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Blueberry pancakes showcase garden gems

Recipe: Blueberry sour cream pancakes with homegrown blueberries

Blueberry pancakes on a plate
These pancakes feature homegrown blueberries.
(Photos by Debbie Arrington)

My four blueberry plants have finally started bearing enough fruit to actually make something!

Anyone who has tried to grow blueberries in Sacramento understands the high cost of this spring fruit.

Every blueberry is like a precious little gem, tickled off of clusters one by one by hand. That allows the green berries more time to mature, but also means the plants need to be monitored almost daily. (Otherwise, birds may take all the ripe ones.)

Usually, my blueberries get eaten immediately in the garden; with only one or two ripe ones a day, why not? But this spring, my Sunshine Blue bush produced beautiful, large blueberries that were too numerous to just nibble. When my harvest measured 1 cup, it was time for blueberry pancakes.

Sour cream gives these thick pancakes a rich, soft texture that’s a perfect cushion for the delicate blueberries. They’re sweet enough that syrup is optional (but really good).

Blueberry sour cream pancakes
Makes 7 to 8 (5-inch) pancakes
Blueberry bush
Blueberries ripen on a Sunshine Blue bush.


1 cup all-purpose flour
1 tablespoon sugar
1 teaspoon baking powder
½ teaspoon baking soda
½ teaspoon salt
¾ cup sour cream
¼ cup milk
1 large egg, lightly beaten
2 tablespoons vegetable oil or butter, melted and cooled
1 teaspoon vanilla
1 cup blueberries, washed with any stems removed
Butter for grill


In a large bowl, sift together flour, sugar, baking powder, baking soda and salt.

In a smaller bowl, mix together sour cream and milk. Add egg.

Flip the pancakes when small bubbles
start to appear on the surface.

Blend sour cream mixture with dry ingredients just until combined. Add oil or melted butter, then vanilla. It will be a thick batter but still can be poured from a spoon; add a little more milk if needed.

Pick over blueberries to remove any stems. Gently fold blueberries into batter.

Heat pancake grill or frying pan to medium. Melt butter to cover the cooking surface. Ladle batter onto grill, allowing about ¼ cup of batter per pancake. Each pancake will expand; space them well apart.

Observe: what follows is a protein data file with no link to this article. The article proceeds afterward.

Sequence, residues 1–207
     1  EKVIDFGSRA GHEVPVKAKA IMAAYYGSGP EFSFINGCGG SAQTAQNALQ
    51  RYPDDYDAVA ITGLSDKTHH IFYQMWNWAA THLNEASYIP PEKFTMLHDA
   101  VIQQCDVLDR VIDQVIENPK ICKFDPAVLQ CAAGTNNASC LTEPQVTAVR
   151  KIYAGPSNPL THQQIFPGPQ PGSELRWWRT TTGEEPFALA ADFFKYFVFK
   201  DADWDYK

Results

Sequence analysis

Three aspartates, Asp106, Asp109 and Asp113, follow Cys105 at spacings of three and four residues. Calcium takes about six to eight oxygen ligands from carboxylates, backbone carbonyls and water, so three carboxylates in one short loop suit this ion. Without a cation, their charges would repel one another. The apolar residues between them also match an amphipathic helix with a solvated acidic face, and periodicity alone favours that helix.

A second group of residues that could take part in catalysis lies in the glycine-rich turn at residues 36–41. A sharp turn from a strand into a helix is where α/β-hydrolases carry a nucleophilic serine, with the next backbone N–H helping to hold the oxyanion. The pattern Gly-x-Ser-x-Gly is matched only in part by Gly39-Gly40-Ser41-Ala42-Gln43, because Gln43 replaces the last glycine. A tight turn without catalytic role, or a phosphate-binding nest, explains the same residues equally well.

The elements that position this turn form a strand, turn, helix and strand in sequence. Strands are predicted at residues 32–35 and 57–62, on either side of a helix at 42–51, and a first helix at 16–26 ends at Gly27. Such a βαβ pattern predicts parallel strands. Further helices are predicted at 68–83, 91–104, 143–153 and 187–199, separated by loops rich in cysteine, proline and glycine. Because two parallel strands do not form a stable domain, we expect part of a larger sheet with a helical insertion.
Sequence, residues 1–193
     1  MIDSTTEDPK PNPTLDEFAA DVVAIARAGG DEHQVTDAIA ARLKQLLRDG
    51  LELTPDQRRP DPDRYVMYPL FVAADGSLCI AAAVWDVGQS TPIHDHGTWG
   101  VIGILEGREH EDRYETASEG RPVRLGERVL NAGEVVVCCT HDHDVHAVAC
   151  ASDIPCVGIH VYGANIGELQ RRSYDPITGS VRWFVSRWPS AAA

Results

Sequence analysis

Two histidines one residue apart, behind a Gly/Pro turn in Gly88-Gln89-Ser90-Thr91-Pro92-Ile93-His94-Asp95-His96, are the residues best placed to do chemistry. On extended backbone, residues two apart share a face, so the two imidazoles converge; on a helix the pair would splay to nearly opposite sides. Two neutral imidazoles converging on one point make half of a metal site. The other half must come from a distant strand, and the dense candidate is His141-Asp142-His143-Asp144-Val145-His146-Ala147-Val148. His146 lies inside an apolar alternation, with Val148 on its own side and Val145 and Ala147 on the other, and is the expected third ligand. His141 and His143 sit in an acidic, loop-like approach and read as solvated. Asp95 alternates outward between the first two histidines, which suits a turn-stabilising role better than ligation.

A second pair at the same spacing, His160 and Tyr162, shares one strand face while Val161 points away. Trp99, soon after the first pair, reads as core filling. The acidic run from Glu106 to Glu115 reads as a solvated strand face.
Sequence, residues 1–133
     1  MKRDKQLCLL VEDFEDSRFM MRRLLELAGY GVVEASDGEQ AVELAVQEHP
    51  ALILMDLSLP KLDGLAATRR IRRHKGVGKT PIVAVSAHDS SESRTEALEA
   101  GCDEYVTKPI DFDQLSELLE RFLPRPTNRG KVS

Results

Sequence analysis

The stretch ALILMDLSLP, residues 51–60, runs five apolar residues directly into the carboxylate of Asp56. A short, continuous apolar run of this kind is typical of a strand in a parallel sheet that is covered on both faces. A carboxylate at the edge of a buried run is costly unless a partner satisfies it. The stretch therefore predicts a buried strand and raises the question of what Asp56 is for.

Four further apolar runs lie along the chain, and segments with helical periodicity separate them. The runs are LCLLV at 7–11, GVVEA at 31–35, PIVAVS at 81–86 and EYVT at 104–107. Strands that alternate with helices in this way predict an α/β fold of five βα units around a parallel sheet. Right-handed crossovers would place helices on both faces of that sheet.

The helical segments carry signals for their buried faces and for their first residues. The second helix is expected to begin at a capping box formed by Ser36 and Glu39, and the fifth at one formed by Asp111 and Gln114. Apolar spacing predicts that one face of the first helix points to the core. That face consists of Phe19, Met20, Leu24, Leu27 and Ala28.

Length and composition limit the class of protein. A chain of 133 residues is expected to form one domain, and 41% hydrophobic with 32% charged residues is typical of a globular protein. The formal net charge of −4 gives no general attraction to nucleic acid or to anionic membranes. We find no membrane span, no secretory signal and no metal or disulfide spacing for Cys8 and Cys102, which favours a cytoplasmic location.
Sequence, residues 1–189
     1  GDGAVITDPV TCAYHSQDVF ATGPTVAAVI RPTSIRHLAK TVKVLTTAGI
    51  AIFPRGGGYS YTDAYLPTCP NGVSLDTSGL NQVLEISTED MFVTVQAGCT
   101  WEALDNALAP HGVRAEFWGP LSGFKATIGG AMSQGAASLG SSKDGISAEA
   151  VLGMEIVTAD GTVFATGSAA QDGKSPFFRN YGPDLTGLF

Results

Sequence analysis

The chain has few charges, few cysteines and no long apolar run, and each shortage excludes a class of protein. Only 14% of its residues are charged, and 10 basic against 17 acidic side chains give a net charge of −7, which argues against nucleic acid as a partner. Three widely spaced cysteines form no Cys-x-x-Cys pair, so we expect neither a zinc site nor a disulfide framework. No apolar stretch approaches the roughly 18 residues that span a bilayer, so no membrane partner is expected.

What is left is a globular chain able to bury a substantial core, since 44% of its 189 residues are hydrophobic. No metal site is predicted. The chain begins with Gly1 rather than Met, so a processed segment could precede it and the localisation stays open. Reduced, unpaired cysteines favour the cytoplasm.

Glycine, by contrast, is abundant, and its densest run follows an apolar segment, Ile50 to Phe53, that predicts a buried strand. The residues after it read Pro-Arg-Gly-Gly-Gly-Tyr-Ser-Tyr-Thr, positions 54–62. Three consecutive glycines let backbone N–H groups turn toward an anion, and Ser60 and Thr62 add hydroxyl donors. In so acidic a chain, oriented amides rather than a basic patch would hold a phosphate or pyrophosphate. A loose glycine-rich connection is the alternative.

Cook until little bubbles start to appear on the surface of each pancake, about 3 to 4 minutes. Flip and cook until done, about 2 more minutes. Pancakes should be golden on each side.

Serve immediately with more butter and syrup or dusted with powdered sugar, if desired.


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Dig In: Garden Checklist

For week of March 3:

* Celebrate the city flower! Catch the 100th Sacramento Camellia Show 3 to 6 p.m. Saturday, March 2, and 10 a.m to 5 p.m. Sunday, March 3, at the Scottish Rite Center, 6151 H St., Sacramento. Admission is free.

* Between showers, pick up fallen camellia blooms; that helps cut down on the spread of blossom blight that prematurely browns petals.

* Feed camellias after they bloom with fertilizer formulated for acid-loving plants.

* Camellias need little pruning. Remove dead wood and shape, if necessary.

* Tread lightly or not at all on wet ground; it compacts soil.

* Avoid digging in wet soil, too; wait until it clumps in your hand but doesn’t feel squishy.

* Note spots in your garden that stay wet after storms; improve drainage with the addition of organic matter such as compost.

* Keep an eye out for leaning trunks or ground disturbances around a tree’s base, a sign of shifting roots in the wet soil.

* Fertilize roses, annual flowers and berries as spring growth begins to appear.

* If aphids are attracted to new growth, knock them off with a strong spray of water or insecticidal soap. To make your own “bug soap,” use two tablespoons liquid soap – not detergent – to one quart water in a spray bottle. Shake it up before use. Among the liquid soaps that seem most effective are Dr. Bronner’s Pure-Castile Soaps; try the peppermint scent.

* Pull weeds now! Don’t let them get started. Take a hoe and whack them as soon as they sprout.

* Prune and fertilize spring-flowering shrubs after bloom.

* Cut back and fertilize perennial herbs to encourage new growth.

* Make plans for your summer garden. Once the soil is ready, start adding amendments such as compost.

* Indoors, start seeds for summer favorites such as tomatoes, peppers and squash as well as summer flowers.

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